CHICAGO HEIGHTS | Officials from Glenwood and Thornton were among those voicing opposition Monday to a proposed facility that would grind up used shingles for conversion to asphalt for road repair.
What has those officials concerned is that those shingles and the ground-up material would be stored outside in a pile that could be as high as 30 feet and about 300 feet across.
The Cook County Zoning Board of Appeals heard arguments regarding a special-use permit request for the facility, which would be located in an unincorporated area between the two villages.
Glenwood Village President Kerry Durkin said he’s convinced many area residents will wind up getting significant amounts of shingle dust blown onto their homes and into the air they breathe.
“What are you doing to protect my 9,000 residents,” Durkin asked at one point during the hearing. “All of you stand to lose because you won’t pay” to build a structure for storage of the material.
Also expressing concern was Russ Oberman, Thornton building inspector and code enforcement officer, who said he worried that the shingle dust would get into the water that often causes flooding in the area.
He questioned whether adequate studies had been done of the standing water in the area around Glenwood-Thornton Road and 183rd Street where the proposed facility would be located.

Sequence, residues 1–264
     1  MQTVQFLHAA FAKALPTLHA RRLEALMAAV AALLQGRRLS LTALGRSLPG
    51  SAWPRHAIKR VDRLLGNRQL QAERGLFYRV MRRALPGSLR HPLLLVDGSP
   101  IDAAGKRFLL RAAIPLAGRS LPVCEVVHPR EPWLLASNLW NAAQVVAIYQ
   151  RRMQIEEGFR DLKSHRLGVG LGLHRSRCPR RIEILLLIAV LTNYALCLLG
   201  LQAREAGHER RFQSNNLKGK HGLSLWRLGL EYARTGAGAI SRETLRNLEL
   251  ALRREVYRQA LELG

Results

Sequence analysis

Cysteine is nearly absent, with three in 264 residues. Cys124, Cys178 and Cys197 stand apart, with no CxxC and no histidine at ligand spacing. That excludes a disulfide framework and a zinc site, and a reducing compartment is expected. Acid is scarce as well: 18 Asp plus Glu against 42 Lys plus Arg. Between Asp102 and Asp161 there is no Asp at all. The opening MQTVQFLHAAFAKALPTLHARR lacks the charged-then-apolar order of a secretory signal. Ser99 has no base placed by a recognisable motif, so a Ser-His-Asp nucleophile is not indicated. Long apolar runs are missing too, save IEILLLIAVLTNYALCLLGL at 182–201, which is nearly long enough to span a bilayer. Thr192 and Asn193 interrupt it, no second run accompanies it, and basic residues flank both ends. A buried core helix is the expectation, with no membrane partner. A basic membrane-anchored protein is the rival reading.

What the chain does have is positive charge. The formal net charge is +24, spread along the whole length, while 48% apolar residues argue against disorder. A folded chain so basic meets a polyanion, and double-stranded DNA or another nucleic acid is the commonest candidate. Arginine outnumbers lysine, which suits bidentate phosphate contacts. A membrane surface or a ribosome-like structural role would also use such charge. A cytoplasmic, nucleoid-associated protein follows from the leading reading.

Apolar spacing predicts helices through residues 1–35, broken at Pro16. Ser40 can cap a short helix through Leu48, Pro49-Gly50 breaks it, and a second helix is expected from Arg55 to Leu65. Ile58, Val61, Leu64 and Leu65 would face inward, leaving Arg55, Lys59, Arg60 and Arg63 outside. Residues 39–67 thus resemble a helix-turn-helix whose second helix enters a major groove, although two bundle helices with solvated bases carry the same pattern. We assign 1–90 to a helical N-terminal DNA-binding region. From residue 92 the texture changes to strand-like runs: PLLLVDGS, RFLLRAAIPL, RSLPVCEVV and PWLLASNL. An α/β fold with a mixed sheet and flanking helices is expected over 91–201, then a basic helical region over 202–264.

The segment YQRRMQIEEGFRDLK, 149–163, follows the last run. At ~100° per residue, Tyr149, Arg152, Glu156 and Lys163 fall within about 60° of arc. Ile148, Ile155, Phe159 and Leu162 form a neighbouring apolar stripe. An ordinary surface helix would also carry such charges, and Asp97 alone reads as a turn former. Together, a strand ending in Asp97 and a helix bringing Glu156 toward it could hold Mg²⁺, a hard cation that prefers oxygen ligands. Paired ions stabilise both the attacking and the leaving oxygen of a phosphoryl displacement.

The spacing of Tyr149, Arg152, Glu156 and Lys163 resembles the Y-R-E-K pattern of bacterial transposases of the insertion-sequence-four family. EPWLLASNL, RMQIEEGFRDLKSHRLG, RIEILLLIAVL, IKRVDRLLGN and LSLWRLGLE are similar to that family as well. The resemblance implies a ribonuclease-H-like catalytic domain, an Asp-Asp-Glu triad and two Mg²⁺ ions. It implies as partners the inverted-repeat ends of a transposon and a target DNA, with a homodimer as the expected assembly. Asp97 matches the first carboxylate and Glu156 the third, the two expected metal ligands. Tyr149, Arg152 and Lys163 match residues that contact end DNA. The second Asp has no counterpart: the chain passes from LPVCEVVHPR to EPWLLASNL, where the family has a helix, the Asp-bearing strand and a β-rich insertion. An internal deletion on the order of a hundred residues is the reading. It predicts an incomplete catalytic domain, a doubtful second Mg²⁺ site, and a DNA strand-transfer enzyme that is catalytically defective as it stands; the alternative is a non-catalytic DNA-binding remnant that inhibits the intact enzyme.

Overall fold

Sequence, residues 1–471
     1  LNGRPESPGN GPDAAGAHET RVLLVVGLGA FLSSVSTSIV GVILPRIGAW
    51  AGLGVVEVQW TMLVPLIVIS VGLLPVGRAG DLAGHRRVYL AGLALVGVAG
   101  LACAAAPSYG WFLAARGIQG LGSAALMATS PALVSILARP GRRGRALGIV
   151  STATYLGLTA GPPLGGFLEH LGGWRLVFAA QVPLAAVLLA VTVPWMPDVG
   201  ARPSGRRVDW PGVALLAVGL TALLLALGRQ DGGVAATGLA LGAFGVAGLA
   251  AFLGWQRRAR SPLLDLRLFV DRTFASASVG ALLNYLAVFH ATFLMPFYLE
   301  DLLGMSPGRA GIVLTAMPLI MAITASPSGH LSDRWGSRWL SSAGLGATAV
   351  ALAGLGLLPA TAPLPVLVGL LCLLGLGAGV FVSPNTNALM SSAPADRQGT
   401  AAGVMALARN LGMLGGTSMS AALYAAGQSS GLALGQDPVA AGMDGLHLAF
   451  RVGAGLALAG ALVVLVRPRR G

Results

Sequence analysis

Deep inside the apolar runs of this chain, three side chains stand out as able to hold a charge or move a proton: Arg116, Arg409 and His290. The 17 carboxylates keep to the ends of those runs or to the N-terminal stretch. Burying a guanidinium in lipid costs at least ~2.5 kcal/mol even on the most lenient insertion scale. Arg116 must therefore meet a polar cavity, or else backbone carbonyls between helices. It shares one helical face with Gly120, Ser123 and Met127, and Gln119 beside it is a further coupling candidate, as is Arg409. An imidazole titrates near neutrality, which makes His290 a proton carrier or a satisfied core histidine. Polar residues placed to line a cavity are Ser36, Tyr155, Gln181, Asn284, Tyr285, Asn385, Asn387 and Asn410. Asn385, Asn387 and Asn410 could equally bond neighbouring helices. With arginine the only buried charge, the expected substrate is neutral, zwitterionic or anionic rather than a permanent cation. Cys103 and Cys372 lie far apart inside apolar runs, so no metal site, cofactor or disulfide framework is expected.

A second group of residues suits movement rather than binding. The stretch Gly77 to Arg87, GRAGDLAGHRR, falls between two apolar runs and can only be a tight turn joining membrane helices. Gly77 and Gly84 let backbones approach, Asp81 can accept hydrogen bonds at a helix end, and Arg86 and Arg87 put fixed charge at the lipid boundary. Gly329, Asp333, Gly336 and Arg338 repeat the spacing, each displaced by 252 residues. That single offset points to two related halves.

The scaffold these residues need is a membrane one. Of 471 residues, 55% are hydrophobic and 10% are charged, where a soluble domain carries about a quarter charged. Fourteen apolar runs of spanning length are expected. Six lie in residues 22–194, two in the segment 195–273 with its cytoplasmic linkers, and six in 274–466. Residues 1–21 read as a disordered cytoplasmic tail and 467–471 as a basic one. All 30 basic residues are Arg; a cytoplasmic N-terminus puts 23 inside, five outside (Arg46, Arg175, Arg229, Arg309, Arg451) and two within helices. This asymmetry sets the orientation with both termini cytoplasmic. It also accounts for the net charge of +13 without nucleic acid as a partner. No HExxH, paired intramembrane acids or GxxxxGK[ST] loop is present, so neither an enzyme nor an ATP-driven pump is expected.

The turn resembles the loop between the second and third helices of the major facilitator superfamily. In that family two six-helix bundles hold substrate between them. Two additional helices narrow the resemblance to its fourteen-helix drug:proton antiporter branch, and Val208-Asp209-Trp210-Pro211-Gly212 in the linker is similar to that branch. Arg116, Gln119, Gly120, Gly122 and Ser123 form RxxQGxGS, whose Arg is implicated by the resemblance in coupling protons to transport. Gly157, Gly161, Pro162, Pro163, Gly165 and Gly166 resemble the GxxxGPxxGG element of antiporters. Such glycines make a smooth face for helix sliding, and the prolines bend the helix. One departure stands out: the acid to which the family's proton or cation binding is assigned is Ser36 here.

Richard Guerard, an attorney representing Hanson Materials and Marblehead Lime Co., the owner of the proposed facility, said the 48.3 acre site is in a largely isolated area, with the Thornton Quarry to the north, Mount Glenwood Memory Gardens cemetery to the east, railroad tracks to the west and a forest preserve to the south.
There are nine homes located between the proposed site and the cemetery. Also, the 7.5-acre Polish-American Country Farm is situated between the proposed site and the forest preserve.
John Parzygnot of the farm said he believes flooding will worsen in the area.
“We already have enough flood problems" from nearby Thorn Creek, he said.
Guerard offered a report by the Real Valuation Group that says outdoor storage “will not be injurious to the use and enjoyment of other property in the immediate vicinity.”
Durkin was skeptical, saying he believes the Hanson Materials company specifically chose an unincorporated site, figuring Cook County would be easier to deal with on environmental issues than either Glenwood or Thornton.
“They picked an unincorporated area for a reason,” Durkin said, adding later, “Who am I supposed to complain to when there’s dust all over the place, the county?”
Zoning Board of Appeals Chairman Terry O’Brien said the county has stringent requirements that the company would have to comply with to operate such a facility.
The zoning board spent about 1.5 hours reviewing the issue, although a recommendation will not be forthcoming until late August or early September, O’Brien said. The Cook County Board has the final decision on whether to grant the special-use permit.
William Haworth, a project manager for Hanson, said company officials hope to have the facility operating by the end of 2012, although he said it could be delayed until spring 2013.